Conjunctival swabs should not be used for the detection of COVID-19, as they have especially low sensitivity; however, a small percentage of patients may test positive for COVID-19 with conjunctival swabs, highlighting tears as a possibility mode of disease transmission, according to study results published in Clinical Ophthalmology. 

Previous studies have found that SARS-CoV-2 can be transferred via mucous membranes, including the conjunctiva, which reflects in reported cases of ophthalmologists contracting the virus during normal diagnosis and treatment; however, the detection of the virus within tears is still often debated. 

A team of investigators from Saudi Arabia conducted a cross-sectional study to the presence of viral ribonucleic acid (RNA) within the ocular surface in patients who tested positive for COVID-19 via nasopharyngeal swabs to determine whether the conjunctival swabs were effective and sensitive in detecting COVID-19


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Of the 164 patients (164 eyes) included in the analysis, only 4.9% tested positive for COVID-19 via conjunctival swab. Of the cohort, 29.9% had fever, 28.7% had shortness of breath, 20.1% had a cough, and 12.2% had red eye. 

A total of 18.9% of patients reported a history of traveling and 73.2% of patients reporting having contact with someone who tested positive for COVID-19, and traveling was found to be a risk factor for a positive conjunctival swab test (P =.016).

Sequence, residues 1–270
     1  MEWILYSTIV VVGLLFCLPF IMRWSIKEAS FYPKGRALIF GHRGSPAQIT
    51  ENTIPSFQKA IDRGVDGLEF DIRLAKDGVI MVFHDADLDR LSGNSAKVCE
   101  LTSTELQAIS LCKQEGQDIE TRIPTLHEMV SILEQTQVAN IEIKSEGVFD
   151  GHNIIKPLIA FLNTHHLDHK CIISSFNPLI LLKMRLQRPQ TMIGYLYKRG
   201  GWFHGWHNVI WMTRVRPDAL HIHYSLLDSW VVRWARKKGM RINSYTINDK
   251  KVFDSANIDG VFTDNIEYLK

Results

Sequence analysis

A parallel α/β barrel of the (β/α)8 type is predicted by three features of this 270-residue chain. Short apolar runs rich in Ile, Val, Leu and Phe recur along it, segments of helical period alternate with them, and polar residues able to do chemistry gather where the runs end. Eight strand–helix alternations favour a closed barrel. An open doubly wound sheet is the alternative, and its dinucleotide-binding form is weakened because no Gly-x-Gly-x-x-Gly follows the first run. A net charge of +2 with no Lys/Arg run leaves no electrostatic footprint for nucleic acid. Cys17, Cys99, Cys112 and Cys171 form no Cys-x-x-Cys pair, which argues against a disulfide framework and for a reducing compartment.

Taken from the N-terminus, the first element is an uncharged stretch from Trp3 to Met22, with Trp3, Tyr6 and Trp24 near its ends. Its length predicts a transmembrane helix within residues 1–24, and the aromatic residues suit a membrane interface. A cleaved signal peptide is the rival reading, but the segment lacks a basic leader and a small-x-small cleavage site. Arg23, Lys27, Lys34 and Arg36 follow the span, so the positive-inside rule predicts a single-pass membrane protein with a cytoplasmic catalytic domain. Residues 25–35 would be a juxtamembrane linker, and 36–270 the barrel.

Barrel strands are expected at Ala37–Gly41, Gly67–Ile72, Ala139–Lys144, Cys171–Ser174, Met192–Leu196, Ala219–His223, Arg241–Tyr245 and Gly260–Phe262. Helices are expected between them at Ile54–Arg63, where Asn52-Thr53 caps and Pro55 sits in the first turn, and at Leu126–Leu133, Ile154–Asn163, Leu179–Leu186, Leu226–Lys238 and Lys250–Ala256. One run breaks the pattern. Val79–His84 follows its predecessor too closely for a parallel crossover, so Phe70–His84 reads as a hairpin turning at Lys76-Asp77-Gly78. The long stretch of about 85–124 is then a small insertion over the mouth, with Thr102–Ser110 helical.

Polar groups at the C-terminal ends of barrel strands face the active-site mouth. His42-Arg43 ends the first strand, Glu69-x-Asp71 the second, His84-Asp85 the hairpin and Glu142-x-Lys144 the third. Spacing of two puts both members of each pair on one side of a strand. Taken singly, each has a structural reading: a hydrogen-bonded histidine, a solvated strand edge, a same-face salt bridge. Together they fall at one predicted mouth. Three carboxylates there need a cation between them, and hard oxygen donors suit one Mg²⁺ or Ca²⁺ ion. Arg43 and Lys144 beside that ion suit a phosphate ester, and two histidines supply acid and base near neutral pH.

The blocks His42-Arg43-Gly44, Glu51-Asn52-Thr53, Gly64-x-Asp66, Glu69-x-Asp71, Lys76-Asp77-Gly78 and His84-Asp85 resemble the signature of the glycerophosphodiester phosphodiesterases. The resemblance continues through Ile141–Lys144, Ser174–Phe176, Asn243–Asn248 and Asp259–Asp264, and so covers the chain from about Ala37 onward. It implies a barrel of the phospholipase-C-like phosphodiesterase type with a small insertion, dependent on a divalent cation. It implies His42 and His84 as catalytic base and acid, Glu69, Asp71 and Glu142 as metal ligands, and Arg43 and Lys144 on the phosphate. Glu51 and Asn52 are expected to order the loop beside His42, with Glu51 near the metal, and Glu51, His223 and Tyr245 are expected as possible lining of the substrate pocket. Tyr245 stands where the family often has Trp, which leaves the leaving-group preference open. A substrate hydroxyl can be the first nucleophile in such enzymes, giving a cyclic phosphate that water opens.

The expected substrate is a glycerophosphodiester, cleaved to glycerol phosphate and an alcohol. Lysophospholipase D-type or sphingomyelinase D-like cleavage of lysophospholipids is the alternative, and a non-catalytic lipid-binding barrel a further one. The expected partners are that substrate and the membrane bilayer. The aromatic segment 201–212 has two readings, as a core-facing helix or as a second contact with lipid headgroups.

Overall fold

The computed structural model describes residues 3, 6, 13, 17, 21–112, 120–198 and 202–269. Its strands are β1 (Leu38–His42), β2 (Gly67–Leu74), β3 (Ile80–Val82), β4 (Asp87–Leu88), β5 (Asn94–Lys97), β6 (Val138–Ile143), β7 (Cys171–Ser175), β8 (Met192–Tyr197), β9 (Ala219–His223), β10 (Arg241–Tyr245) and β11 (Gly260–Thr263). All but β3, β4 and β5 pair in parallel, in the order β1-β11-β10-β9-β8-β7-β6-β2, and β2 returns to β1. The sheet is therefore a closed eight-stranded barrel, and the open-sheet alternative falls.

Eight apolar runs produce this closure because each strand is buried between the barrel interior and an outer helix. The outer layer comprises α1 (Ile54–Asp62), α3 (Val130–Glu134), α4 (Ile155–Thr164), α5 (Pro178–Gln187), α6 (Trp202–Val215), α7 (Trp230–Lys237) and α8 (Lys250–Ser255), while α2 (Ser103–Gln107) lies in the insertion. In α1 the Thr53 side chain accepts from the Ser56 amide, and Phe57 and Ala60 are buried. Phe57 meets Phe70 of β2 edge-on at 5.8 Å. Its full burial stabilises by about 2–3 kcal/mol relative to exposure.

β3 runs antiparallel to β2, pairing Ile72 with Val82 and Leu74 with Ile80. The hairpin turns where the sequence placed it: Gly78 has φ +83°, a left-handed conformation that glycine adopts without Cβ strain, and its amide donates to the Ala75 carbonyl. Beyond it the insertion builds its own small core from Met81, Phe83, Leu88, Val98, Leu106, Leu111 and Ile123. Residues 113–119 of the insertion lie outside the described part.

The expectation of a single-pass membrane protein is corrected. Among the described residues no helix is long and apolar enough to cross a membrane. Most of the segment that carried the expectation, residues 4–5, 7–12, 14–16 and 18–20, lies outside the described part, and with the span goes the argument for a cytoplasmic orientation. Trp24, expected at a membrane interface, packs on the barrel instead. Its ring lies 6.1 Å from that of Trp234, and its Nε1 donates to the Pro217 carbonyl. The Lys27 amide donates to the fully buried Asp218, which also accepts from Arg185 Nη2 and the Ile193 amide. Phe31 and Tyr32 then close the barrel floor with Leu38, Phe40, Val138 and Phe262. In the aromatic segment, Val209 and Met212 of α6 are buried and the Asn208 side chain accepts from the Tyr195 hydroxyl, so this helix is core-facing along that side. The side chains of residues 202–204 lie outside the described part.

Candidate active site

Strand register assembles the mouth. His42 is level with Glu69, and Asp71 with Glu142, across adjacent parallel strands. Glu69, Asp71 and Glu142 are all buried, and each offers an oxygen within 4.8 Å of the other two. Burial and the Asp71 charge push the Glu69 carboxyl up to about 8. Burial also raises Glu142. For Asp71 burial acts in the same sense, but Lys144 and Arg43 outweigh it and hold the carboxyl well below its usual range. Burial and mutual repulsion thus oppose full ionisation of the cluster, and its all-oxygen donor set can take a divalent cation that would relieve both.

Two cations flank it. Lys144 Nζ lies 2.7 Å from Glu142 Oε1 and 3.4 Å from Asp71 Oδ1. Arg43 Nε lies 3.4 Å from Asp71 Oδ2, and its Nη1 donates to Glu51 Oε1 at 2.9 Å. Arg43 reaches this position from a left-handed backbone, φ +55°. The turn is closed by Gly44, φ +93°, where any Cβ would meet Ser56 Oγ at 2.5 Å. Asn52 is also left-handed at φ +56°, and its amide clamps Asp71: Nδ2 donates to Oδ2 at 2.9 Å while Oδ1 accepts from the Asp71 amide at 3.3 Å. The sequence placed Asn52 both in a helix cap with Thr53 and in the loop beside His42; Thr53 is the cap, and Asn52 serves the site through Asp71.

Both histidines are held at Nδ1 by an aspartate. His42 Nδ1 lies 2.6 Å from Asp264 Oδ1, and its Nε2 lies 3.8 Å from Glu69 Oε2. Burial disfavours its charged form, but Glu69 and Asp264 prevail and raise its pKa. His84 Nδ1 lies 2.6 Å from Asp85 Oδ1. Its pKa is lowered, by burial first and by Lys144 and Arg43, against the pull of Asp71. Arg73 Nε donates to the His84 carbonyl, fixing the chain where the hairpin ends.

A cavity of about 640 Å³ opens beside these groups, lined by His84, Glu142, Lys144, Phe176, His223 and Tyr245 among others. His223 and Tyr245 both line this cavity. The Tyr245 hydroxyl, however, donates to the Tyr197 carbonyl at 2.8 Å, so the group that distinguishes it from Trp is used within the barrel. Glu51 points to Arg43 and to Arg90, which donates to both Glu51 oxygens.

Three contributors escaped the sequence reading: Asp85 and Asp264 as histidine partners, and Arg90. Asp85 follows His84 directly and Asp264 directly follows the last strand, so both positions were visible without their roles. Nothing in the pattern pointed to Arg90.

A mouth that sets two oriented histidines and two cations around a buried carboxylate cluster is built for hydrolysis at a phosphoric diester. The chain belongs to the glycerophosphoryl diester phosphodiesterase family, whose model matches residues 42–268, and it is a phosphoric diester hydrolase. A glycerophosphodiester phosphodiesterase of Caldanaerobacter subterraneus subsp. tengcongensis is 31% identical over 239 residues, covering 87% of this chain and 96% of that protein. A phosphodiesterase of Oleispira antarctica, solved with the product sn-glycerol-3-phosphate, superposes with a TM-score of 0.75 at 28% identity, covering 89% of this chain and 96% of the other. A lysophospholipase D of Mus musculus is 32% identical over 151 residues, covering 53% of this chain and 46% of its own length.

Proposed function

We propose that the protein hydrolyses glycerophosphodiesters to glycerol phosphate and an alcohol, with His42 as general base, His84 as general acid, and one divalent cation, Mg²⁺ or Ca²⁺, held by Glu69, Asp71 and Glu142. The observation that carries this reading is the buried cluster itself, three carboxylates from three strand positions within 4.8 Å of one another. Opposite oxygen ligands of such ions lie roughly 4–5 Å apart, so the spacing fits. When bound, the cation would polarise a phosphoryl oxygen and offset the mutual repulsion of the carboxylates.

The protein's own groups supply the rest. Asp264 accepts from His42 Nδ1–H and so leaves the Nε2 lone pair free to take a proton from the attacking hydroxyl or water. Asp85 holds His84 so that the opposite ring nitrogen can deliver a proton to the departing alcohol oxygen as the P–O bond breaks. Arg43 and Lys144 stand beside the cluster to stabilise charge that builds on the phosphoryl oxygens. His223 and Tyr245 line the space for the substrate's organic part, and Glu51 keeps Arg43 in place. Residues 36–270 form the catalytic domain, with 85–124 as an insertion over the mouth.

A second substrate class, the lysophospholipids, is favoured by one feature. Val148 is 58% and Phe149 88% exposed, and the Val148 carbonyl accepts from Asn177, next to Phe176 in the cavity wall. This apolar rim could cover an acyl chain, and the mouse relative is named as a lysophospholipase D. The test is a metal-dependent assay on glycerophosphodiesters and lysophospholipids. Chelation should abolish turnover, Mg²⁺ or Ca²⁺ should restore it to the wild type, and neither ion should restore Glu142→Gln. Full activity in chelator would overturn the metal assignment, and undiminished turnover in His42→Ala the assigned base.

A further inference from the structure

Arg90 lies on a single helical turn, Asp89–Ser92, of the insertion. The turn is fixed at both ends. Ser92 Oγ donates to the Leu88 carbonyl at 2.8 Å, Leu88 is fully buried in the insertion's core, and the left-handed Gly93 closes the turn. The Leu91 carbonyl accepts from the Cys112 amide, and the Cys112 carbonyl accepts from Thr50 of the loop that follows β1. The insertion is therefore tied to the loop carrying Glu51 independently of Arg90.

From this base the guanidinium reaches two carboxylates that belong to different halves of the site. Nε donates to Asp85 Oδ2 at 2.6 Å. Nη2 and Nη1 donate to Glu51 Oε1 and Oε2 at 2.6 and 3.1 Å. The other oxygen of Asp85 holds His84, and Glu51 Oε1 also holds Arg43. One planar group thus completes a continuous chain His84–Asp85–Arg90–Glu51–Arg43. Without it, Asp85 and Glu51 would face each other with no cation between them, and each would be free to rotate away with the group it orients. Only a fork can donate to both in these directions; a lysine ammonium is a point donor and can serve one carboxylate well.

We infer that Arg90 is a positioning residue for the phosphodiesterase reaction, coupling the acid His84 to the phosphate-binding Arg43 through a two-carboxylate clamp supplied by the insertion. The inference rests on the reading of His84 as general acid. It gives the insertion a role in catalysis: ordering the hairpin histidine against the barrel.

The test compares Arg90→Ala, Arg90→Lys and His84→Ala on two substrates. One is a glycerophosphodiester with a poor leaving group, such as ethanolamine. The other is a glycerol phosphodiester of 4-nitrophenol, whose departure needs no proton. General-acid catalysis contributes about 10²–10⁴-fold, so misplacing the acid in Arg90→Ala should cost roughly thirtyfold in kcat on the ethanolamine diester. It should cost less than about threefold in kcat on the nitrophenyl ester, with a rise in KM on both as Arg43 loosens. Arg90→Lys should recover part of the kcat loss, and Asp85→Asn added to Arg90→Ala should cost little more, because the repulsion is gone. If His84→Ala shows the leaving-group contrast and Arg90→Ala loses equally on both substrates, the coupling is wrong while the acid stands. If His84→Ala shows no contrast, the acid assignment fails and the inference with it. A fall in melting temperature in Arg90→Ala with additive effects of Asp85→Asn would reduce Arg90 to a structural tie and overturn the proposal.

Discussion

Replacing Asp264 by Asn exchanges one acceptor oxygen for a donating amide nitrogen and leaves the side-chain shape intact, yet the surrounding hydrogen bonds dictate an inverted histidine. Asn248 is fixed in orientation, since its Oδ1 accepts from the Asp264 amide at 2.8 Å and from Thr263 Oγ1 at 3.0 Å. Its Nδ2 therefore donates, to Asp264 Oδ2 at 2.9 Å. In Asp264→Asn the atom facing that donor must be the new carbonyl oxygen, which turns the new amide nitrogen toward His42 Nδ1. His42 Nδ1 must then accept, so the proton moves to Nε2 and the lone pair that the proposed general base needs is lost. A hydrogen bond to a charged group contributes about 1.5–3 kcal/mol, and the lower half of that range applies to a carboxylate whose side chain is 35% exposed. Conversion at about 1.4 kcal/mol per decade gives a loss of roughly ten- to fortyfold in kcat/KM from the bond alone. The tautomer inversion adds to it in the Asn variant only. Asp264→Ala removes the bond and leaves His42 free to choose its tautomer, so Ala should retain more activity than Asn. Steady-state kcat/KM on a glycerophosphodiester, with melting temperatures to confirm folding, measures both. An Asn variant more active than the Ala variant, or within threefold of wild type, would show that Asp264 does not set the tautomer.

Compared with patients who did not have diabetes mellitus or hypertension, there was a significant association between a positive conjunctival swab test and diabetes (P =.049) or hypertension (P =.002). 

The researchers found the sensitivity of conjunctival swab to be 4.8%. “It is possible the viruses appear for short period in the eye, which may need specific and precise collection time,” according to the report. 

“The high correlation between [diabetes mellitus] and the positive presence of the virus in conjunctival swabs suggested that patients with [diabetes mellitus] are at risk of contracting COVID-19 infections in comparison with other diseases,” the research says. 

Reference 

Hadrawi M, Malak M, Almahmoudi F, et al. Testing the sensitivity of conjunctival swabs from confirmed COVID-19 patients. Clin Ophthalmol. 2021;15:2489-2496. doi:10.2147/OPTH.S313721

This article originally appeared on Ophthalmology Advisor